Familiar Unknowns


The market has been a roller coaster since last Friday, rising or falling by more than 1% each day as investors oscillate between optimism and pessimism. The primary culprit has been the emergence of a new COVID variant in South Africa. The cycle of alarmist headlines, rapidly shifting travel restrictions, and fear of backward progress brings up all too familiar memories of last spring.[1]

This cycle feels different. We have perspective and knowledge accumulated through research over the past year. Many communities — including the Bay Area — are majority vaccinated and new treatments are arriving soon to expand our toolkit for treating infected patients.[2] Even as the spectre of a winter surge looms, the collective viewpoint is slowly shifting away from a pandemic mindset. This makes sense as we approach an endemic phase characterized by more virus variation, but also by more continuity of daily life and business.

Newest Greek Letter to Fear

While the emergence of the Omicron variant is troubling as a public health issue, it is familiar territory for the economy. Early reports indicate that Omicron is more transmissible, but it may also be less deadly, which would fit into the pattern of virus evolution observed historically.[3] This variant may thus be the signal of a transition to a manageable endemic phase of COVID, which could be long-term positive for economic growth. The resilient optimism we observe in markets is encouraging, as long as it isn’t accompanied by complacency.

Investors are understandably hesitant at this early stage of understanding the new variant. Adding to this uncertainty are mixed messages from executives at the major vaccine companies. A Pfizer executive said they “don’t expect that there will be a significant drop in effectiveness” of their current vaccine against the Omicron variant. That’s a starkly different view from the one that Moderna CEO Stéphane Bancel shared on Tuesday, saying he expected current vaccine effectiveness to see “a material drop,” adding that scientists have told him, “This is not going to be good.”[4]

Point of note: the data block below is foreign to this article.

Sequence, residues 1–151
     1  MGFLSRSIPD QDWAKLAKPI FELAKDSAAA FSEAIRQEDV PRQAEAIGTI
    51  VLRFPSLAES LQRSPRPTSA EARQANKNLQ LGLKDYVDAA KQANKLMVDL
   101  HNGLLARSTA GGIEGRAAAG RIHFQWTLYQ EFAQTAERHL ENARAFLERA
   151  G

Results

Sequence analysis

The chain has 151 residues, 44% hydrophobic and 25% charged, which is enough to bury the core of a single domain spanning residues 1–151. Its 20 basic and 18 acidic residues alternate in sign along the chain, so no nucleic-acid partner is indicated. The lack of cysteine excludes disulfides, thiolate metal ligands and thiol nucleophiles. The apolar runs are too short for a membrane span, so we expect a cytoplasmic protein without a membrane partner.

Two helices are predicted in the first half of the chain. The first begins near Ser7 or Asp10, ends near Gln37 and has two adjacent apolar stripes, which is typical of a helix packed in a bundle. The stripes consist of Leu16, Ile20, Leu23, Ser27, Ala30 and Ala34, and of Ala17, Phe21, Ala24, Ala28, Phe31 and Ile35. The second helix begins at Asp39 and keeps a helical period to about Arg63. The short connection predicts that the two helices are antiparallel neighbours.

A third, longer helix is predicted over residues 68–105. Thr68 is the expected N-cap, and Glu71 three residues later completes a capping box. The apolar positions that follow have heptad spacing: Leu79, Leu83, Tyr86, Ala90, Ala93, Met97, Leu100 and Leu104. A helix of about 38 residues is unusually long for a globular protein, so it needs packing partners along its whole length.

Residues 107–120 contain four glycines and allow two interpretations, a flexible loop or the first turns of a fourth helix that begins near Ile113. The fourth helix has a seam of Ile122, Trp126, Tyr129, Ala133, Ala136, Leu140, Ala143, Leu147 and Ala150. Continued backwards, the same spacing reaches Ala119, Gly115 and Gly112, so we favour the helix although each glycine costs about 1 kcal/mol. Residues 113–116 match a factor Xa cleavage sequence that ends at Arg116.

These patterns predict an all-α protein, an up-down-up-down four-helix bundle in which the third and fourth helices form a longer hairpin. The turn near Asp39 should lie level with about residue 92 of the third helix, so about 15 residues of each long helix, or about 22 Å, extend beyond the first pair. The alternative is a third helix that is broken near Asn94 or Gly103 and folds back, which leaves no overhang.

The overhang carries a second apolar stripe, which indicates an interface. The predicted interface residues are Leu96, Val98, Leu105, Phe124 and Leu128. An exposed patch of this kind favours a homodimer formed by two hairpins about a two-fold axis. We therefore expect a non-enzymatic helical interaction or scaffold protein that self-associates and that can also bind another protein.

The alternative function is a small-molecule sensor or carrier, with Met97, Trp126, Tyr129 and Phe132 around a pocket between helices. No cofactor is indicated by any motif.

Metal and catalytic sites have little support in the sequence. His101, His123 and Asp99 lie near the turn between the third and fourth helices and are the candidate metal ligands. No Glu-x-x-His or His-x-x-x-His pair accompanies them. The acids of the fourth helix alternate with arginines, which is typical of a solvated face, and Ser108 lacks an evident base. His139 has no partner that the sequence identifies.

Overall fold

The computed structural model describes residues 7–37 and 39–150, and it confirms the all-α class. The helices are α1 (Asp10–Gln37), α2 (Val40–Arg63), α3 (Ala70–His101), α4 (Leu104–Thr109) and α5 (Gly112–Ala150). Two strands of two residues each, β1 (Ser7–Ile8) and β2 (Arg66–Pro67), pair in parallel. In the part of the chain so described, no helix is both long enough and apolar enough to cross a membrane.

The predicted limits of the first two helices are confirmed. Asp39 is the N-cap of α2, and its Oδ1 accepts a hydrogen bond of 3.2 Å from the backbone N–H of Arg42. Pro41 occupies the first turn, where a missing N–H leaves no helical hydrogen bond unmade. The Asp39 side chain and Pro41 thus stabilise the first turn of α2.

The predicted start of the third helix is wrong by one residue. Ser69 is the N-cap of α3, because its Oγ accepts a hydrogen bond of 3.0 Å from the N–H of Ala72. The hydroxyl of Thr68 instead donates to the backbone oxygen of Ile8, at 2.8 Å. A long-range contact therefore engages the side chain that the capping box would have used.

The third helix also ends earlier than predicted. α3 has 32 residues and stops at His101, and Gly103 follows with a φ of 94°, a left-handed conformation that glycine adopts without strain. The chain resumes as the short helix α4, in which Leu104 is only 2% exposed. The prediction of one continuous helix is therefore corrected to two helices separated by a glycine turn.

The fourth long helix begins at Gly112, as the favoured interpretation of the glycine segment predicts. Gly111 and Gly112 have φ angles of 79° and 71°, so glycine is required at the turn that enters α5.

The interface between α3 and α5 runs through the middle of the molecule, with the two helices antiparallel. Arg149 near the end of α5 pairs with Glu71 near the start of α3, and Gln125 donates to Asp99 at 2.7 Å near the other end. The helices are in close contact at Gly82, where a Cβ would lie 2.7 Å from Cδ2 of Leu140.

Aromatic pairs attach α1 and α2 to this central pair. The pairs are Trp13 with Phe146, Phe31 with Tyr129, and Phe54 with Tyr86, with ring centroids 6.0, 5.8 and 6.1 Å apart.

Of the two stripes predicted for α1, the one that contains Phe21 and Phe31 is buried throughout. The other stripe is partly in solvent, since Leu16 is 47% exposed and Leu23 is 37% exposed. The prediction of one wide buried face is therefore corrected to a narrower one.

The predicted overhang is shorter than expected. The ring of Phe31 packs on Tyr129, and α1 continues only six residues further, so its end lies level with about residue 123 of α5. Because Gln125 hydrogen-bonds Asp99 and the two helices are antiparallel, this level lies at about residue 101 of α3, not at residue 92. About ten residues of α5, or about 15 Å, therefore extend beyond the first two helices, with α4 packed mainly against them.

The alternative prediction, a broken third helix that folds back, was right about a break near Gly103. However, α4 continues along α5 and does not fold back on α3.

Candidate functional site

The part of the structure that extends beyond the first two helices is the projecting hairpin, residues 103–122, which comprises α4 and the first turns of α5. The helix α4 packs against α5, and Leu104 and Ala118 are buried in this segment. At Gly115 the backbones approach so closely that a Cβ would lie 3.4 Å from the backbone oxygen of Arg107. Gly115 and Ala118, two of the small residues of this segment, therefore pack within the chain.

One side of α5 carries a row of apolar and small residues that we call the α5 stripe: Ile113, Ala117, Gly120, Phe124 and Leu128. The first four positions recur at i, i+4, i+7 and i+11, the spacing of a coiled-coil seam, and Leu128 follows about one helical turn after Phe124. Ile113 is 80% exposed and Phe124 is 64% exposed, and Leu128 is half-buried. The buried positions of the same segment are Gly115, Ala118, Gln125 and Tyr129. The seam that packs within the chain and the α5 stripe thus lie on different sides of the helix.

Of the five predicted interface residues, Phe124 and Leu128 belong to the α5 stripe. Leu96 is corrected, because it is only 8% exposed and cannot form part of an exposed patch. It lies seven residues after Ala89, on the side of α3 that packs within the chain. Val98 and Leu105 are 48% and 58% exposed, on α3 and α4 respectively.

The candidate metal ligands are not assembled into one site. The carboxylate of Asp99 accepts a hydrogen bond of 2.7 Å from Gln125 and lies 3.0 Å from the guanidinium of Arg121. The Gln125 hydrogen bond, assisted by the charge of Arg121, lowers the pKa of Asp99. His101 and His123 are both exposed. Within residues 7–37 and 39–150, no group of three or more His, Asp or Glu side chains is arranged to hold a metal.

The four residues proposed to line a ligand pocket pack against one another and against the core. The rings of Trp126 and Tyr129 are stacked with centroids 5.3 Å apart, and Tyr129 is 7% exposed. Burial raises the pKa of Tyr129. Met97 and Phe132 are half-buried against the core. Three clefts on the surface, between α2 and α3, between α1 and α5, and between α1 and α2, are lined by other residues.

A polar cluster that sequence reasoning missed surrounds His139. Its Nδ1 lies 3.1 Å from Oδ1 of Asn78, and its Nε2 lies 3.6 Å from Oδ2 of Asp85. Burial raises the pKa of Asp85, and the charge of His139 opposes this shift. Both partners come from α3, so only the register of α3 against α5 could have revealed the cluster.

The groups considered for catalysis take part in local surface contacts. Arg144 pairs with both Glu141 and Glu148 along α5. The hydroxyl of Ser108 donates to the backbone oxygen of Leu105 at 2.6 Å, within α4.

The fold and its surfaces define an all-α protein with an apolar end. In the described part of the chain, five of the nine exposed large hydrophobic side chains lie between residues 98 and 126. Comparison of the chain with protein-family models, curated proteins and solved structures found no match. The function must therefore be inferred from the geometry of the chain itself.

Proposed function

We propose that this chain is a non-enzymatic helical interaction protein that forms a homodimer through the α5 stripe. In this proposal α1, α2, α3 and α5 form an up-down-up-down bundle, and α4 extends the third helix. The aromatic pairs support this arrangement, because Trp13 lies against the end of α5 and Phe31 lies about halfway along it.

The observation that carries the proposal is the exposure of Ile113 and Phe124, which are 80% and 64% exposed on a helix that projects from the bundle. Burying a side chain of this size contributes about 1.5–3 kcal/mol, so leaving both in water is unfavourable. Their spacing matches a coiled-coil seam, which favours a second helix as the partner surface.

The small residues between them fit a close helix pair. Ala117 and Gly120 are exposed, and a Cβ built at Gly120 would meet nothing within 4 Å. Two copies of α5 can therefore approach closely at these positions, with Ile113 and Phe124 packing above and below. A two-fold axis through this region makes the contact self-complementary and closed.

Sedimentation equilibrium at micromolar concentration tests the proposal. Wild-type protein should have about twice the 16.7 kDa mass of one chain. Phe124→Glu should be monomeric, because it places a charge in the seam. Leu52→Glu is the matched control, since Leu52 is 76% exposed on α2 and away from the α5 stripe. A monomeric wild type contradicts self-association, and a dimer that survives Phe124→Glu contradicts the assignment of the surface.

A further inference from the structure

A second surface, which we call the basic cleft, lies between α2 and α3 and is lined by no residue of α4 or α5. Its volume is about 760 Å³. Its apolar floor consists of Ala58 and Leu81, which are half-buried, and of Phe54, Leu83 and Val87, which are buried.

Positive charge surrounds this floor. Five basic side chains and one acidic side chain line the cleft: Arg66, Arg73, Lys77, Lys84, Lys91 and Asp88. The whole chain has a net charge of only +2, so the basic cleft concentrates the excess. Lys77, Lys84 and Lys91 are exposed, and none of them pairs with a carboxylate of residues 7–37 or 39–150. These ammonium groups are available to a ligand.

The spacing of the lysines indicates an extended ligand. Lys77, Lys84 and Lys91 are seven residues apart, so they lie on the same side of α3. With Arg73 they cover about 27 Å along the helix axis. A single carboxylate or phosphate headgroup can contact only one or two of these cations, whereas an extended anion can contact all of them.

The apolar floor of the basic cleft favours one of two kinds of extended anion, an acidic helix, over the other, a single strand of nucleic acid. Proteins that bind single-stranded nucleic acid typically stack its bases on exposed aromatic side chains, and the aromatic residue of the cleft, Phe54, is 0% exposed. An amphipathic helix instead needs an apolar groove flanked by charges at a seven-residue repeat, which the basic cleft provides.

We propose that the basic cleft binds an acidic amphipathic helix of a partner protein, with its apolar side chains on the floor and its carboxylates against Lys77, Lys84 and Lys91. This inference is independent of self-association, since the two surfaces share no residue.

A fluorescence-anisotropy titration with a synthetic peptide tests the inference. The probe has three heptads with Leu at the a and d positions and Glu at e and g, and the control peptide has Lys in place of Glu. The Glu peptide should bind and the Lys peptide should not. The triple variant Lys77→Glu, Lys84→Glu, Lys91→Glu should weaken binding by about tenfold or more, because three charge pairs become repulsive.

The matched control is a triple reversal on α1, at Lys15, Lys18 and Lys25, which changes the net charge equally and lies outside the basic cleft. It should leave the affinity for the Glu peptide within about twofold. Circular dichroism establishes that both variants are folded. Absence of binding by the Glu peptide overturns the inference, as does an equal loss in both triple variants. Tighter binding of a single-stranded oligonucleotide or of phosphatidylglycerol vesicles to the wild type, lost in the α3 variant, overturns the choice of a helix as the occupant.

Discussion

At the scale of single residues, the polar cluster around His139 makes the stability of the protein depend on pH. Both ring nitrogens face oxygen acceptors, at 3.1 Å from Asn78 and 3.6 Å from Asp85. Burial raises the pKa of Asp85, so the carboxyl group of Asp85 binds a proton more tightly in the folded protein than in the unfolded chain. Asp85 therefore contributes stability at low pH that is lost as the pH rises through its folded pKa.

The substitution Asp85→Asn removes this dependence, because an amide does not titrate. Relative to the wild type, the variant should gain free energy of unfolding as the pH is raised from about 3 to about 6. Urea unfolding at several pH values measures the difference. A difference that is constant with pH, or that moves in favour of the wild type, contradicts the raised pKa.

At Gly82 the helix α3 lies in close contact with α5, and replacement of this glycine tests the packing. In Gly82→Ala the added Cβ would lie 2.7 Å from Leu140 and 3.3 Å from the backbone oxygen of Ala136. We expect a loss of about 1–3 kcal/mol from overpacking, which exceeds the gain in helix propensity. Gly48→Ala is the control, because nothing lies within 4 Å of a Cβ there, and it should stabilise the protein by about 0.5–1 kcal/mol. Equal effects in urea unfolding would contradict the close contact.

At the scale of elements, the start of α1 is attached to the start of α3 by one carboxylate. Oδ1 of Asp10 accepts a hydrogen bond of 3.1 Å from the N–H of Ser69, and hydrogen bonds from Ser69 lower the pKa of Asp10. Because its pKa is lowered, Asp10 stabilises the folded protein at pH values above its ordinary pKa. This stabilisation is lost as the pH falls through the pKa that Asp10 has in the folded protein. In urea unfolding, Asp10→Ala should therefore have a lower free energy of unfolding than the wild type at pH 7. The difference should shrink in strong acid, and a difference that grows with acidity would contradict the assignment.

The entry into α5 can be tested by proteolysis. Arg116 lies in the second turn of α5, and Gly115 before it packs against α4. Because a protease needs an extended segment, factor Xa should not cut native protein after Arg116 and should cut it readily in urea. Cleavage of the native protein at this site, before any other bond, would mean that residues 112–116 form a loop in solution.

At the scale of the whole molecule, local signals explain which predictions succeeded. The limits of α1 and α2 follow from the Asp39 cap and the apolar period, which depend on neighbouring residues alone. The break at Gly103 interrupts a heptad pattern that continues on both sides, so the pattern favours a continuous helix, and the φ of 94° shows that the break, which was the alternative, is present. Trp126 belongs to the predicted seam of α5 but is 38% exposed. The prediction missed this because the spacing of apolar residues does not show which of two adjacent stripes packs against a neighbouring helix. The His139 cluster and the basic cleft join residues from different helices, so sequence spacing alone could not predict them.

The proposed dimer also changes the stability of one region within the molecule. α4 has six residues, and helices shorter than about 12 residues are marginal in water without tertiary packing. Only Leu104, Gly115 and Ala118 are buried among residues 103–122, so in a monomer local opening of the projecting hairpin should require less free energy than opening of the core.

The bottom line is we still don’t have clear answers. Per usual, the stock market isn’t waiting around to get the details. Investors will continue to make speculative adjustments until we have more certainty about Omicron. Even if virus fears ebb in the coming weeks, the market faces other bogeymen ranging from historically high valuations to persistent inflation to a labor market that is struggling to return to full employment.

Workers on the Sideline

One of the most closely watched metrics of the current economic recovery — and a general barometer of economic health even beyond a pandemic — is the national unemployment rate. That rate dropped to 4.2% in November as the US economy added 210,000 new jobs. After staggering unemployment figures during the early months of the pandemic, an unemployment rate of 4.2% seems pretty good. Compared with historical averages, it is good. It also doesn’t tell the full story.

Despite a relatively low level of unemployment, headlines keep highlighting a shortage of workers as the labor force participation rate has not recovered at the same pace. The participation rate is a measure of how many Americans are even desirous of a job. That rate stands at 61.8%, its highest level since March 2020, and yet it is still significantly below historical averages. Pre-pandemic the participation rate was approximately 63% and as recently as the early 2000s the participation rate was above 67%.[5] Fewer Americans are working, and until the landscape of good jobs and safe childcare options shifts, the number of workers standing on the sideline may continue to be a drag on the economy.